Trade Minister Todd McClay will today meet Lord Mark Price, British Trade Minister, to discuss the timer tabling of New Zealand’s free trade agreement negotiations with Britain once that country has left the EU.

Before being appointed to the House of Lords, Price’s business background was in supermarkets so he should have a good understanding of New Zealand’s potential issues.

The meeting comes as the Minister appears to be setting a fast pace trying to get free trade agreements over the line as part of the Government’s  announcement in March of its  Trade Agenda 2030 which has a target of achieving Free Trade coverage for 90 per cent of our goods exports by 2030.

Currently, only 53% of our exports are covered by trade agreements.

McClay is just back from Colombo where he confirmed that New Zealand was one of four countries now on track to complete a free trade agreement with the Pacific Alliance – Mexico, Peru, Colombia and Chile – a trading group which together is the eight largest economy in the world.

New Zealand will be joined by three other TPP countries; Singapore, Canada and Australia.

 Canada Charge d'affaires, Allan Culham (L); New Zealand Minister of Foreign Affairs Gerry Brownlee (C) and New Zealand Minister of Commerce Todd McClay (R) offer a press conference at the 12th Pacific Alliance Summit in Cali, Colombia, 30 June 2017.

Mexico will be a prime target for New Zealand exporters. It imports over $US1 billion of skim milk powder and cheese each year from the US and McClay believes that a free trade agreement would provide a level playing field for New Zealand exporters with their US counterparts.

McClay says the potential in Mexico is “amazing”.

“To give you an example they export two billion avocados to the US every year – but they also import some from New Zealand because ours are different and seasonally compatible,” he told POLITIK.


Chile and New Zealand are already linked by the P4 agreement which includes Singapore and Brunei and which in many ways was the genesis of the TPP.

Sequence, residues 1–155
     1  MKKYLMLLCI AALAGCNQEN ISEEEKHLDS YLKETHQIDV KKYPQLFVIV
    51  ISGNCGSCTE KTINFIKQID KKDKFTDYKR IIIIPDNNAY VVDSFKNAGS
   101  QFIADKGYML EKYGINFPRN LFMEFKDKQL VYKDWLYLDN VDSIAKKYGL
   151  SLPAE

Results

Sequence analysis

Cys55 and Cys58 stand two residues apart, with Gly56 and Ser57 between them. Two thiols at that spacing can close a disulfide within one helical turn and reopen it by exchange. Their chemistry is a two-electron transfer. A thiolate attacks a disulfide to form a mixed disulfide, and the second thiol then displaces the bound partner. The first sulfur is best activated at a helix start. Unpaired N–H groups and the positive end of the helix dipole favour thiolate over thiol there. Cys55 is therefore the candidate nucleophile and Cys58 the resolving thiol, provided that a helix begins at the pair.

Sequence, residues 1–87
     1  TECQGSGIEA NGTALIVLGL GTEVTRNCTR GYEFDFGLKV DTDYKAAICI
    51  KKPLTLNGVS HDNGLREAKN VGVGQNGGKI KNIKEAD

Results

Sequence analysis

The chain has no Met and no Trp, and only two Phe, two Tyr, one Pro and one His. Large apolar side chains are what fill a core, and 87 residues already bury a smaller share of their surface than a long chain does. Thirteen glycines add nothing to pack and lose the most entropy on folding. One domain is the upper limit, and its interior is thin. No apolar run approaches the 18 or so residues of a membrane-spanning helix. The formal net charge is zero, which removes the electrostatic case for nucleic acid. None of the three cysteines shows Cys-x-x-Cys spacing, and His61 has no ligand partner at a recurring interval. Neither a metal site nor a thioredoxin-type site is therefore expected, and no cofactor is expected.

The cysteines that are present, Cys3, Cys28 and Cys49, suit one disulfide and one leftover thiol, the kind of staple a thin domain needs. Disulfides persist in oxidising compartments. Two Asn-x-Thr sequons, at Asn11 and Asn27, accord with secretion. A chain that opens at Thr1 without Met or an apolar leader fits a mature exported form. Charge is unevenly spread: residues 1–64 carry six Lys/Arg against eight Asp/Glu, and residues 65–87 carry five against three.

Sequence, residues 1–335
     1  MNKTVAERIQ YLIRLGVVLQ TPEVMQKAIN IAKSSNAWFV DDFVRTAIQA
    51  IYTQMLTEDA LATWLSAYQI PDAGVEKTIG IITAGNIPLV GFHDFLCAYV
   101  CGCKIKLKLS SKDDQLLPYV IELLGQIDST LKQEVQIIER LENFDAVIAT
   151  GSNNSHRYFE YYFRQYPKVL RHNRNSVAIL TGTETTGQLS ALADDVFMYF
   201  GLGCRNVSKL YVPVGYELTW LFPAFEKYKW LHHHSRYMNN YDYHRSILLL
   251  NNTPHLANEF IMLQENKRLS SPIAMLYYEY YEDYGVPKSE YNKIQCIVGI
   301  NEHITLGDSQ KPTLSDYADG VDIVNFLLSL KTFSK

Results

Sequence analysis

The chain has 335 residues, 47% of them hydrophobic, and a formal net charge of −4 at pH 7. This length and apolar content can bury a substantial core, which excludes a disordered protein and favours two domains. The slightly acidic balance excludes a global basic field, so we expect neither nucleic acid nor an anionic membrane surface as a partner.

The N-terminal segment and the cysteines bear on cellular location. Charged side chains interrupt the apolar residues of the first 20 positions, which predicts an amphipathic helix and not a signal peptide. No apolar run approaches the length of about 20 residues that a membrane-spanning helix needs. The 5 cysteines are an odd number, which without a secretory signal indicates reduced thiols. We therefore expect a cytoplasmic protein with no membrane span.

Since it came into force in 2006 New Zealand has seen its exports to Chile grow to $145 million, exports to Singapore have doubled to more than $1 billion, and exports to Brunei although still modest, have more than doubled.

The agreement also opens up opportunities in investment and services.

McClay obviously sees that as a model for the agreement with the Pacific Alliance.

“I think we need to realise these are countries with big populations which are transforming their economies and opening up and Kiwi businesses should be able to do very well if we can get the balance of this trade deal right

McClay says New Zealand expects to be the first cab off the rank with the UK for a free trade agreement when they are able to negotiate.

Ironically those negotiations at the British end will be under the management of one of New Zealand’s foremost trade negotiators, Crawford Falconer, who has been appointed Second Secretary in the UK Department of International Trade to oversee the country’s post-Brexit trade negotiations.

McClay said today’s meeting was an opportunity to remind price that New Zealand would be ready to launch its negotiations as soon as Brexit was complete and to conclude quite quickly.

“I want to talk to him about the timeframes  and see where we go from there.”

Meanwhile, New Zealand’s relationship with the EU continues to deepen.

The EU and New Zealand signed an Agreement on Cooperation in Customs Matters on Tuesday.

 The agreement will promote modern procedures to make it easier to get goods through customs while helping stop harmful or illegal goods reaching the European market.

And in what is seen as potentially a highly significant move because it moves the relationship with the EU beyond being simply about trade, two statisticians from the European Commission’s Joint Research Centre are in Wellington.

The pair, Gianluca Mazzarella and Stefano Verzillo will use their time with Statistics NZ and agencies like the Ministry of Education to demonstrate to learn how New Zealand uses  administrative data to drive policy-making.

At the same time, the Research Centre will help New Zealand process the data that it is using to deliver the Social Investment programme for social policy delivery.